Mental health articles

OF mental health care and mentally ill

Treatment in primary care and pathways of care

In the NSF for Mental Health there is the suggestion that some eating disorders might be treated in primary care. However, there is very little evidence to support the efficacy of interventions in primary care. Indeed, such interventions may serve to maintain the disorder. A Dutch survey of 108 patients with eating disorders showed that 38 per cent of the patients received medication from their general practitioners. This was usually to palliate symptoms, e.g. vitamins, laxatives, hormones (to induce menses) and drugs to stimulate or suppress the appetite.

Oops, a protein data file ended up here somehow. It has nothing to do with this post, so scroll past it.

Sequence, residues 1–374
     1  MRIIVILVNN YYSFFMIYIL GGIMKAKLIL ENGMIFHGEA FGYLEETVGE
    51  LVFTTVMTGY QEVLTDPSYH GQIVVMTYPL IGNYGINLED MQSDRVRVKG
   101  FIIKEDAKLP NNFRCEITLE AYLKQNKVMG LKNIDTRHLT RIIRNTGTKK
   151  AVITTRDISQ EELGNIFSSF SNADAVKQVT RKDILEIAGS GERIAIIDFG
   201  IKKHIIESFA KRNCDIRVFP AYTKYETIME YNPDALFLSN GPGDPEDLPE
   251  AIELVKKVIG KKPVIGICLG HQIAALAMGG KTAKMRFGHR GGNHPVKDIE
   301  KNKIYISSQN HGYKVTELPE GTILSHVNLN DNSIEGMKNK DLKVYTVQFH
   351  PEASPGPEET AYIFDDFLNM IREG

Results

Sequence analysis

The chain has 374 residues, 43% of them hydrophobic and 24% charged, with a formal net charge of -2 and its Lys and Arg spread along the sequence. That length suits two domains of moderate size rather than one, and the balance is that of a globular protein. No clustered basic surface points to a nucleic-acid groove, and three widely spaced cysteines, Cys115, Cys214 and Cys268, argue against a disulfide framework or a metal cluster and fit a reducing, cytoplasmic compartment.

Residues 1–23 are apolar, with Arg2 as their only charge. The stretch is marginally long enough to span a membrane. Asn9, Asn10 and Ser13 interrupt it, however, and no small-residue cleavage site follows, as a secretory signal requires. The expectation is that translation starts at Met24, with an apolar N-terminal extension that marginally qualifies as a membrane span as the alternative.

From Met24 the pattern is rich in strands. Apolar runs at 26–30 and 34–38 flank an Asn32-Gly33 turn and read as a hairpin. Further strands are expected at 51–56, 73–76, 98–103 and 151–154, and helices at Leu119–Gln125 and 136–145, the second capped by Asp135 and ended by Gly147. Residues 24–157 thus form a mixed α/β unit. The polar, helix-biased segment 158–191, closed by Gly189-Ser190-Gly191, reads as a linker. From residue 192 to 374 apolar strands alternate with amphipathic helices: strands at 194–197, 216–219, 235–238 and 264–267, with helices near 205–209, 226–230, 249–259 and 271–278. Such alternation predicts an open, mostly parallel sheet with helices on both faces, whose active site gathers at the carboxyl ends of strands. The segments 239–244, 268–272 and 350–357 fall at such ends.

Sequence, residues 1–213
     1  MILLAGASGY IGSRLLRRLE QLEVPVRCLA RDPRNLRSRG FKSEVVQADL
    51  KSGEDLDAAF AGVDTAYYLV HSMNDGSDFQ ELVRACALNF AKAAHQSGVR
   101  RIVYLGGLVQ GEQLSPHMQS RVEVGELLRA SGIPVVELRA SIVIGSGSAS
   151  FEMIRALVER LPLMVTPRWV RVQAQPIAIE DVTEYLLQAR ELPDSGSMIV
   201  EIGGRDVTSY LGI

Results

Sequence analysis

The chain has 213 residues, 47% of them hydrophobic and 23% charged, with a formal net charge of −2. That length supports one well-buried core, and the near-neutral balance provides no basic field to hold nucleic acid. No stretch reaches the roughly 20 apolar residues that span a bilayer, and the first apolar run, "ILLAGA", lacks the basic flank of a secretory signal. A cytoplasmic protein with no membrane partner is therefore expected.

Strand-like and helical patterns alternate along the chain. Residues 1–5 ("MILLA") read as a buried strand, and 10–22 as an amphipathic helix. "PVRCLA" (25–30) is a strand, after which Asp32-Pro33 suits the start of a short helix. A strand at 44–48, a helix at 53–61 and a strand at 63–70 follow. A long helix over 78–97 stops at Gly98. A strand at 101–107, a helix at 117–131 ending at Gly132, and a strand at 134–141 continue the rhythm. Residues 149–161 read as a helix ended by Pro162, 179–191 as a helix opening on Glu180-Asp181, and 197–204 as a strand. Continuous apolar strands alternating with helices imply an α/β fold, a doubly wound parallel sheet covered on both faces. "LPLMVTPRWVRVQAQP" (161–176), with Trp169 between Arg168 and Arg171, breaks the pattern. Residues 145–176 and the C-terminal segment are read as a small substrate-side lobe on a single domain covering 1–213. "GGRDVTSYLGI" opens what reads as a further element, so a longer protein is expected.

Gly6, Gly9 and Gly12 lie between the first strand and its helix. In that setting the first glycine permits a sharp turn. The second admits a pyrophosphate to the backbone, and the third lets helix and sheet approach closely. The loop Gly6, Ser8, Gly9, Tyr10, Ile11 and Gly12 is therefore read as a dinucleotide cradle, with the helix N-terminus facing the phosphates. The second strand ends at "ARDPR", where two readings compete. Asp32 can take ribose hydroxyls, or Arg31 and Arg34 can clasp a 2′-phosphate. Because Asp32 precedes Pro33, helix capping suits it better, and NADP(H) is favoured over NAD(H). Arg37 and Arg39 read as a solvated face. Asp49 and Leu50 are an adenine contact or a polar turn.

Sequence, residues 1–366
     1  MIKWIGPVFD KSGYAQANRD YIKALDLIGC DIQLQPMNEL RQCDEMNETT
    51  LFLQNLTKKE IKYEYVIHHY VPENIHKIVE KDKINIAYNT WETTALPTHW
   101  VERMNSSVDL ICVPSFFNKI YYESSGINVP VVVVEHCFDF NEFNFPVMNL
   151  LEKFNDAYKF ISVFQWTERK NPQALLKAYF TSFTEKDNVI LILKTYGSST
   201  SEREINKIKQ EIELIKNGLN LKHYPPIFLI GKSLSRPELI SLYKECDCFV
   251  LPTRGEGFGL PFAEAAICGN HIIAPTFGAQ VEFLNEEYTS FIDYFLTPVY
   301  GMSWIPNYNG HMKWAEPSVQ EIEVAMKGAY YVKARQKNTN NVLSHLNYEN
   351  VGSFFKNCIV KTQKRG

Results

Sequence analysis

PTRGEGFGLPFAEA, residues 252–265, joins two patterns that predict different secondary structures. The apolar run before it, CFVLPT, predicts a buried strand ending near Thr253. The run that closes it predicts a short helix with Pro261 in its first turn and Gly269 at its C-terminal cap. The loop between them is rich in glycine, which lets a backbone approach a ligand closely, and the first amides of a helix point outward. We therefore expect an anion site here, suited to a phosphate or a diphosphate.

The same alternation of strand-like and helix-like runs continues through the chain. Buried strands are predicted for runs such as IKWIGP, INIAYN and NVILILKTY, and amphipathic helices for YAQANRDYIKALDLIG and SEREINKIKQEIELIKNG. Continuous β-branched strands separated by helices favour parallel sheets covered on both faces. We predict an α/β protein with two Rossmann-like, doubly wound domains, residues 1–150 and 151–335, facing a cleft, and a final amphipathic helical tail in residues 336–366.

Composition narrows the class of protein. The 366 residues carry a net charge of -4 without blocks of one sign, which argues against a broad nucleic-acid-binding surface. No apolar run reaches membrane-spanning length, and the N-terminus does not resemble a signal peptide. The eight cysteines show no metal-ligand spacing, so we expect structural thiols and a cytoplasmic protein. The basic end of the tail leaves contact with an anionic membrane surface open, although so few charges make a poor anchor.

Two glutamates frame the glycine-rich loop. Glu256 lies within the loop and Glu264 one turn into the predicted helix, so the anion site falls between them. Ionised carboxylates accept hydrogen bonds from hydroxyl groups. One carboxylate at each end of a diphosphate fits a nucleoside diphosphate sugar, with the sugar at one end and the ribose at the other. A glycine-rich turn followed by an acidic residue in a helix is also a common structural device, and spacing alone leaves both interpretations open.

In the UK, 45 per cent of people with bulimia nervosa were prescribed an anti-depressant by their general practitioner. It is unusual for people within primary care to have the expertise or resources to provide evidencebased psychotherapeutic approaches such as CBT. In the UK, 80 per cent of cases of anorexia nervosa and 60 per cent of cases of bulimia nervosa are referred on for specialized help. It is possible that standards of care for the primary care of eating disorders will improve. For example, following the publication of the NSF for Mental Health many health authorities have produced care pathways for eating disorders. Also new technology such as cognitive behaviour therapy (CBT) administered by CD-ROM holds promise as an intervention that could be delivered in schools, colleges or in primary care settings.

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